One of my professors in college helped to solidify this learning. Somehow we started to speak about meditation, which we both practiced, and this delighted my heart but also spawned new questions. I asked him, “Why are you not a Buddhist, or something other than a Christian, if you are meditating and studying the Eastern thinkers?” His response was, to my Baptist ears, absurd. Apparently these crazy Catholics (of which he was one) thought it wasn’t sinful to study other faiths – something absolutely alien to my religious background. I exclaimed, “You mean you aren’t afraid to be ‘misled’ or ‘tricked by the devil’ in your studies?” To this he laughed and pulled out a Catechism. My eyes opened wide and my mind thought… “Hmm, perhaps this is what the Catholics have replaced the Bible with?”
At this point in my life, even after having rejected my upbringing, there were only two ways of looking at things, the Baptist way (which I mistakenly interpreted as the Christian way) and the wrong way. I rejected Christianity unjustly, having only experienced a small and young sect of Christianity. As a youth I was programmed by countless sermons, tapes, revival meetings, and Gospel songs to interpret the Scriptures only one way, to think of Jesus only one way (as Derek Webb says, as a “white, middle class Republican”), and to see life as what happens between “salvation” and death.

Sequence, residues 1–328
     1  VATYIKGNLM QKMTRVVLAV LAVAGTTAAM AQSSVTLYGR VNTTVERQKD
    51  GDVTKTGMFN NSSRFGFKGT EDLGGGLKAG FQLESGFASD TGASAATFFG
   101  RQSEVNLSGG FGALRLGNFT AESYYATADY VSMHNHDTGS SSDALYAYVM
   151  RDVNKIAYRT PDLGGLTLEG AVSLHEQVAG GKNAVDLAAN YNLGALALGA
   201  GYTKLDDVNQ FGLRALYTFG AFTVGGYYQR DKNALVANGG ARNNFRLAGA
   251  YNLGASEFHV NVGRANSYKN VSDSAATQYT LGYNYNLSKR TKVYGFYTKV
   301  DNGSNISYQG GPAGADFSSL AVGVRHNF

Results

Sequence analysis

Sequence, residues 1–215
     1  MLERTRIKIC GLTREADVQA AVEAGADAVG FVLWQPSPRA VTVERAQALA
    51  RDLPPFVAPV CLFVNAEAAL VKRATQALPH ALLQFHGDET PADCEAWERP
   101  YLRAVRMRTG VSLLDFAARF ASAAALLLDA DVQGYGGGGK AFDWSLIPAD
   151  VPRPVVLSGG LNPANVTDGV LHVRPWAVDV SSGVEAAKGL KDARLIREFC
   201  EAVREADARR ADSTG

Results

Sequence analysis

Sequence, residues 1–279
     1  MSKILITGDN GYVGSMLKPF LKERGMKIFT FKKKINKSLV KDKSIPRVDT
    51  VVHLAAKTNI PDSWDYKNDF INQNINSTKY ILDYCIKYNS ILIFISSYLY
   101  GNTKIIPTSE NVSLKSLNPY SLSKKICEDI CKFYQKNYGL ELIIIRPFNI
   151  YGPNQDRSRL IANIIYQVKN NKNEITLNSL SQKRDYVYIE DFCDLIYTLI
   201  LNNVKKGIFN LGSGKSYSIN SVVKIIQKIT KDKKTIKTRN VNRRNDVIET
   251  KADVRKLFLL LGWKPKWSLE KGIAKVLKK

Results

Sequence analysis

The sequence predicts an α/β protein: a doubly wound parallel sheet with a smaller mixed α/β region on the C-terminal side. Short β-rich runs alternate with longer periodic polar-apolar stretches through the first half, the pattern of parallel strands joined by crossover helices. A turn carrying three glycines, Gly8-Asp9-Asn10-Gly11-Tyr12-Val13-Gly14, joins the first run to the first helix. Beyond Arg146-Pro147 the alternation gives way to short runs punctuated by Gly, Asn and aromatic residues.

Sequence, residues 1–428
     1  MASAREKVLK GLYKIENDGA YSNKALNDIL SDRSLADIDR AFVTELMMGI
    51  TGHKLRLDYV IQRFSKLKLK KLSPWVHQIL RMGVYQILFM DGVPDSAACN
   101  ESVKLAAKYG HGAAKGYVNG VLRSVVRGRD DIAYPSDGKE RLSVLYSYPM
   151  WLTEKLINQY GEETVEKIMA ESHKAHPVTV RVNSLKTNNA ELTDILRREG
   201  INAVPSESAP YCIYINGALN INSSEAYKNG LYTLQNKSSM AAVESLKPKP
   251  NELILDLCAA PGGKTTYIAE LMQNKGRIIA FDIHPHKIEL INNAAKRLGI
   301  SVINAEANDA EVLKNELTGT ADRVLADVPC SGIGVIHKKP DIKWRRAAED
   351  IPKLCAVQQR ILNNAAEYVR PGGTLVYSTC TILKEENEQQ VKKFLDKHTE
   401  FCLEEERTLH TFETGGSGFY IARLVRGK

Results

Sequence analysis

My professor then showed me the following Catechism reference, “The Catholic Church recognizes in other religions that search, among shadows and images, for the God who is unknown yet near since he gives life and breath and all things and wants all men to be saved. Thus, the Church considers all goodness and truth found in these religions as ‘a preparation for the Gospel and given by him who enlightens all men that they may at length have life'” (CCC 843). To this he added that he believed the Catholic Church to be the One True Church, but also found assistance in understanding his own faith through other viewpoints; what a conversation!